‘Innocence,’ by Dean Koontz


By the time we heard the sirens, we were two blocks from the mall, in a cobbled backstreet as dark as a deer path in the woods under a half-moon. A sudden wind broomed the stillness of the night as the man I would eventually call Father hooked the disc of iron, lifted it, and set it aside. Piping across the hole where the iron had been, the wind played an oboe note, and I went down into that sound and into a world that I could never have imagined, where I would make a better life for myself.

One of the great problems in writing fiction – and I’ve written about this before – is the problem of the Good Character. Good characters in fiction, C. S. Lewis said somewhere (The Four Loves, I’m guessing offhand) “are the very devil.” They tend to be kind of dull, and they pale particularly in comparison to the villains. This is probably, I suspect, because most of us know evil better than we know good.

In his latest novel, Innocence, Dean Koontz approaches that problem in what I think is an entirely fresh way, and the result – in my opinion – is gloriously successful. Koontz just keeps getting better and better as a writer, both thematically and stylistically. He has his misfires, but when he succeeds the results are wondrous. And so it is with Innocence.

Addison Goodheart is a monster. All his life, anyone he has allowed to see his face has been overcome, not only with fear, but with hatred and a desire to do him harm. After his mother sent him out into the world alone, he found his way to an unnamed city, where a man he called Father gave him a home in the city’s tunnels, and taught him how to survive – because Father was another monster like Addison. After Father’s death, Addison survives alone until one night, wandering the city’s central library (which he knows how to enter secretly after hours) he sees a beautiful girl in Goth makeup being pursued by an attacker. After helping her escape, Addison makes the girl, Gwyneth, his friend, and they form an odd alliance. She suffers from a social phobia and won’t let him come near her, while he must keep his face covered. It works for them. She draws him into her struggle to save the life of a comatose little girl whom evil men are trying to kill. But, as they come to learn, that’s only a part of their challenge. Very big changes are coming about in the world, and Addison and Gwyneth are at the center of the greatest storm in history.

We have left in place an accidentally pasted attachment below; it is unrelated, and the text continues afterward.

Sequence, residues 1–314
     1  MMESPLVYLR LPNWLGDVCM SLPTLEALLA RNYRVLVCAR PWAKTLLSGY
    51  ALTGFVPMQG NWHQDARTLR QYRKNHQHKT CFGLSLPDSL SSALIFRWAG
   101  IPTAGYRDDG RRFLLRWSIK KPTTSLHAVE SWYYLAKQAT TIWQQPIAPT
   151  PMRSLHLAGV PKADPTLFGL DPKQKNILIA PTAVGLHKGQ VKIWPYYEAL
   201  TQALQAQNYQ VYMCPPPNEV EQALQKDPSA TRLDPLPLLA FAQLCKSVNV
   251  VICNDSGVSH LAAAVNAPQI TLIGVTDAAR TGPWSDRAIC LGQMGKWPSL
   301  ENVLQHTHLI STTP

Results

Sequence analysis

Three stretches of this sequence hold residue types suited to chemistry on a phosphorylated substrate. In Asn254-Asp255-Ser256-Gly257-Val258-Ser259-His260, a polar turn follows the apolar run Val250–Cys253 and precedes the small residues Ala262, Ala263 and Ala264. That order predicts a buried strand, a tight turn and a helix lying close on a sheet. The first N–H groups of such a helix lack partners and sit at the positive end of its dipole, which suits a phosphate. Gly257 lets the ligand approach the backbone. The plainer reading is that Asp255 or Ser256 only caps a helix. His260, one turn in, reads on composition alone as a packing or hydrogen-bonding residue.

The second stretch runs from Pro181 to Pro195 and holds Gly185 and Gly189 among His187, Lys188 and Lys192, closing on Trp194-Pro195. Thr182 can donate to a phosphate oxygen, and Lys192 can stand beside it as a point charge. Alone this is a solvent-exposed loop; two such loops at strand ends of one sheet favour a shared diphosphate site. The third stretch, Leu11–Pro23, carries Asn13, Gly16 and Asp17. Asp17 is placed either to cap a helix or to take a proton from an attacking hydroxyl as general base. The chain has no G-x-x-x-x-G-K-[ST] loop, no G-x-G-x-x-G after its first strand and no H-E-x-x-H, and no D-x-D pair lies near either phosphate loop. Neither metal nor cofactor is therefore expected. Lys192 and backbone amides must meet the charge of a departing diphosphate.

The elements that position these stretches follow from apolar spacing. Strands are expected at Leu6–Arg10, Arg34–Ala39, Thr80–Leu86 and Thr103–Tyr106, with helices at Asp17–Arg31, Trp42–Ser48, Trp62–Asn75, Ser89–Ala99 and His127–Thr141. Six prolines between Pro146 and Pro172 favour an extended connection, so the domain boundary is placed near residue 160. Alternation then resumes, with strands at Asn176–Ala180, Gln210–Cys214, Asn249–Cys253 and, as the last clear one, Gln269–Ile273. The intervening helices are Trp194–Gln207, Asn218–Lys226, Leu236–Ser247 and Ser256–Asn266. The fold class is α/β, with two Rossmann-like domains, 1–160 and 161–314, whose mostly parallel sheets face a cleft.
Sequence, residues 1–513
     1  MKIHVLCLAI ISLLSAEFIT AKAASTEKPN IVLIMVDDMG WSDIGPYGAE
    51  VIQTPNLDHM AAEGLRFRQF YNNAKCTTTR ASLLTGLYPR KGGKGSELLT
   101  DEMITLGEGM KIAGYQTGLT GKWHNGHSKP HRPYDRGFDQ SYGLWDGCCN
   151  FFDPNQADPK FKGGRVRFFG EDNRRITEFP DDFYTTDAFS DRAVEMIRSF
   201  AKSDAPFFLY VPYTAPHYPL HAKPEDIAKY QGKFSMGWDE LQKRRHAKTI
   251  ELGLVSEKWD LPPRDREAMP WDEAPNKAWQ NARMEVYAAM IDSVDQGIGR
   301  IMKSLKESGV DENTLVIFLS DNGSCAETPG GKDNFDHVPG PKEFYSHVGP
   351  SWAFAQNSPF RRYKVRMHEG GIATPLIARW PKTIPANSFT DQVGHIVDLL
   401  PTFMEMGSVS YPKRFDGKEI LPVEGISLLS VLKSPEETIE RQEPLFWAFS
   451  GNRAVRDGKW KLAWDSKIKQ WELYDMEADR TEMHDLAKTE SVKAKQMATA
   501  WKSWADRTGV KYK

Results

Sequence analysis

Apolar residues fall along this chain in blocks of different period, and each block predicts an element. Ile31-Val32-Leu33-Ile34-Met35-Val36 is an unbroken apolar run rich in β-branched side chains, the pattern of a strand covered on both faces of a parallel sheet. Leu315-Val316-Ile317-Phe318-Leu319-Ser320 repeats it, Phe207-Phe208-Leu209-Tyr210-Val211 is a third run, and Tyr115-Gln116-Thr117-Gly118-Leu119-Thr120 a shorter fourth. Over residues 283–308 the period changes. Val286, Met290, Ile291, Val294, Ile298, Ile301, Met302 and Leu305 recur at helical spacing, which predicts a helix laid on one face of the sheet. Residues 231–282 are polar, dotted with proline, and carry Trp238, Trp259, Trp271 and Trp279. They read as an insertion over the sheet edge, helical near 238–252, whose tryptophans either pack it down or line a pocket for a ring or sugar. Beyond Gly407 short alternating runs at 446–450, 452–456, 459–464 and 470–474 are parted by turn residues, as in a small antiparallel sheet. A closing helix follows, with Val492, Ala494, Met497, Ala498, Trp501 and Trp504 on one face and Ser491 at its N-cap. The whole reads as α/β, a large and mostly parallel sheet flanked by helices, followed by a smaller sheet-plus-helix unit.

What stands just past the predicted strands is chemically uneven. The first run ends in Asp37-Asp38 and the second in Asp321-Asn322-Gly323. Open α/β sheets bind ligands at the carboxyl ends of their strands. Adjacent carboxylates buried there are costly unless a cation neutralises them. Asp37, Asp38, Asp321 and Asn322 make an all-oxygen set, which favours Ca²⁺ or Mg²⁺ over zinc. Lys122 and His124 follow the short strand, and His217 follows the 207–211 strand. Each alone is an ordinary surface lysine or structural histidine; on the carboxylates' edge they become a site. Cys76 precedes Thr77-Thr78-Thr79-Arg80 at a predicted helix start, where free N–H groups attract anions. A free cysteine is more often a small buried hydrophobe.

Innocence is, in my opinion, a masterpiece, one of Koontz’ best books. Right up there with the Odd Thomas stories. Beautiful, profound, moving, and (although not an explicitly Christian book) deeply informed by Christian truth. I give it my highest recommendation.

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